Time Off For Good Behavior

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Sunday, July 03, 2005
by Lani Diane Rich (#21)

First, some background: I saw Lani Diane Rich at a book reading with Chris Baty, the founder of NaNoWriMo. They were both charming and funny - so I was predisposed to like them both. I've already talked about Baty's book somewhere on this blog. (here.).

Rich was at the reading because she had used Nano as a springboard to publication - she wrote the first draft in 25 days and spent the following year lengthening and polishing her work. Then she found an agent and got it published! Good for her, and I mean that sincerely. She was on my mind during one of my library rambles and I found her book on the shelf. A Sign!

I read it, and I've got to say I wasn't crazy about it, which surprised me. I didn't like the heroine for the first 100 pages of the book (and for a first-person narrator, that's a LONG TIME),

Why didn't I like this book very much? I didn't hate it by any means, but when the heroine entered a coma on page 6, I was thinking oh, thank god. Maybe her cousin/friend/whoever will be less of a pain in the ass. Not that heroines should be sweet and good and seeking to be loved by all - I like a snarky, wiseass, screwup first-person narrator as much as the next person. For example - Sparkle Hayter's Robin Hudson is just such a creature, and she is fantastic.

Something about Wanda Lane just did not click with me - I could empathize that she had screwed up her life AND been screwed over by life, but was trying to work her way out of it. I respect that - I just didn't like Wanda. I liked most of the other characters (although one of my major quibbles about how her insta-best friend is introduced. That newspaper ad thing was LAME). I don't think that the romantic climax was earned at all - she spent 7/8ths of the book running away from the romantic interest - again, that's fine, but don't ask me to buy the quick resolve at the end. bleh. I'm not explaining this at all well. One of my other problems was what seemed like the constant invocation of Walmart. Why? Why? Why Walmart? I mean, I get it - lots of people shop there, but why mention it so many times? Isn't "the store" sufficient? I think I may be making Walmart my scapegoat here.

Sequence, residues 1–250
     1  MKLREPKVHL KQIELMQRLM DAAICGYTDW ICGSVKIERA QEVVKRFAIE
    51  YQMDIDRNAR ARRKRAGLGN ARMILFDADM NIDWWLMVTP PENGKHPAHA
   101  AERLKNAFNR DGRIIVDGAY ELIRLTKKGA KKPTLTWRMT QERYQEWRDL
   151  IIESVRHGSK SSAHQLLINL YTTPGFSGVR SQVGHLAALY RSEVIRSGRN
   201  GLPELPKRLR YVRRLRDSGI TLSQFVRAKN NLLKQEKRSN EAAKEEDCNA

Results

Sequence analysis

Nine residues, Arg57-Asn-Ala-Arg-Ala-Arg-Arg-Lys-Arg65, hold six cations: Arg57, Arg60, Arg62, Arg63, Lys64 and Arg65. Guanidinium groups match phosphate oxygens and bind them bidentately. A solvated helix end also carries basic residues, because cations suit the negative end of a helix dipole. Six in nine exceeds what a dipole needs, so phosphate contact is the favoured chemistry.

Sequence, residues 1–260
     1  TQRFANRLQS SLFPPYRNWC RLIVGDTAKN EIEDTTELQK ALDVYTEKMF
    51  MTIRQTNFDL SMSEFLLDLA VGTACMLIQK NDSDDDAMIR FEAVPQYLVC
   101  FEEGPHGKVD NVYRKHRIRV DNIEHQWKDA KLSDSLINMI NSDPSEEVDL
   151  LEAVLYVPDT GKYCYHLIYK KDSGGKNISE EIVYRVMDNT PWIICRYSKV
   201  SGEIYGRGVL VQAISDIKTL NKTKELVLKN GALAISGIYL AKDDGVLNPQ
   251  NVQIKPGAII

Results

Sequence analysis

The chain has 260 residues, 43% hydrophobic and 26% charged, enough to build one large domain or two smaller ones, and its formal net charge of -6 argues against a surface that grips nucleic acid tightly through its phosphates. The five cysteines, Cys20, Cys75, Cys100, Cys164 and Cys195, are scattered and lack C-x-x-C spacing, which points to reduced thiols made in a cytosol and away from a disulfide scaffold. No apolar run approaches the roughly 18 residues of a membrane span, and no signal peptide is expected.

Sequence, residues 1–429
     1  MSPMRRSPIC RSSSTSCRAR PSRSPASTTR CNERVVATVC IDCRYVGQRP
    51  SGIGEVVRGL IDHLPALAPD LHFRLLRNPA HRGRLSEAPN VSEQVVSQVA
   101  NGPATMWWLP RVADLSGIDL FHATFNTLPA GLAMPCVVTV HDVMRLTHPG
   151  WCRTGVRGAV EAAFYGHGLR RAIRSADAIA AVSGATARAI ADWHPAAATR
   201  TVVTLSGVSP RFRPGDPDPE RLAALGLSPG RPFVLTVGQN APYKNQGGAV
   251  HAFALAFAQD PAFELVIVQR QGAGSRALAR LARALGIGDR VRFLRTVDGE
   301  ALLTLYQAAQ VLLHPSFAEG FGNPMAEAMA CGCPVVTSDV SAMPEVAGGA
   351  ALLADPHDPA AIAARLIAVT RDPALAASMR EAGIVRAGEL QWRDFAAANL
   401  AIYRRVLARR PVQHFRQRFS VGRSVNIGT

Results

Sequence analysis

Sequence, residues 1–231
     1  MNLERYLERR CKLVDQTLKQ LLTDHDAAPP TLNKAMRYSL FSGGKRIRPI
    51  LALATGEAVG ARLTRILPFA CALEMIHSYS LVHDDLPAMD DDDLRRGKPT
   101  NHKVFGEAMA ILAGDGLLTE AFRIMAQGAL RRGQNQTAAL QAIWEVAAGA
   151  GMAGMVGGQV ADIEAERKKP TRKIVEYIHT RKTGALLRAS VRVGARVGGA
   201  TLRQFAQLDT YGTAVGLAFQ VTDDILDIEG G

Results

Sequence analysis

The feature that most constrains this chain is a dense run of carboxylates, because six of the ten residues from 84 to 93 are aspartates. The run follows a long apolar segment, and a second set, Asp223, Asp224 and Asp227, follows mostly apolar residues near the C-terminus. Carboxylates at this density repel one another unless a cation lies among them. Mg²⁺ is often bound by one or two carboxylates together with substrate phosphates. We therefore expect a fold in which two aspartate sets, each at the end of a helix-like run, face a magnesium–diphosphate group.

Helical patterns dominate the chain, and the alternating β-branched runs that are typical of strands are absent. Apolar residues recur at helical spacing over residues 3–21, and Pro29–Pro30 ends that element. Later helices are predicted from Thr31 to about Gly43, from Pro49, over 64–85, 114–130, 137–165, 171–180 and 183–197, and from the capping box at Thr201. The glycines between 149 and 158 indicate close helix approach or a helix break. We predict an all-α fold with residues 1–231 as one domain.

Despite not really liking the main character, by the last 1/3 - 1/4 of the book, the story really started chugging along and I was turning pages like nobody's business. I understand she has a new book out and I will give it a read. Maybe Wanda and I were just incompatible.
2 comments on "Time Off For Good Behavior"
  1. >>Why Walmart? I mean, I get it - lots of people shop there, but why mention it so many times? Isn't "the store" sufficient? I think I may be making Walmart my scapegoat here.<<

    Personally, I think Walmart should be made a scapegoat as often as possible. It's not like it is unjust. They are evil. If Satan bought discount, I'm sure he would shop there in support of them.

  2. I know! Have you seen that ad where they talk about how many millions of miles their crap travels and how many hands touch it? "all to bring you the lowest prices." All it does is bring home how poorly everyone involved must be paid.

    Not that any of this was mentioned in the book - (or should have been - I would have pulled out even more hair), but it definitely colored what I was reading. Then I felt guilty (as is my way) for being such a lefty coastal urbanite UNTIL I remembered that Jennifer Crusie also writes exclusively (so far) in smallish town Ohio, and I have never had that "I just don't get it because I am a lefty coastal urbanite" feeling when I was reading her stuff.


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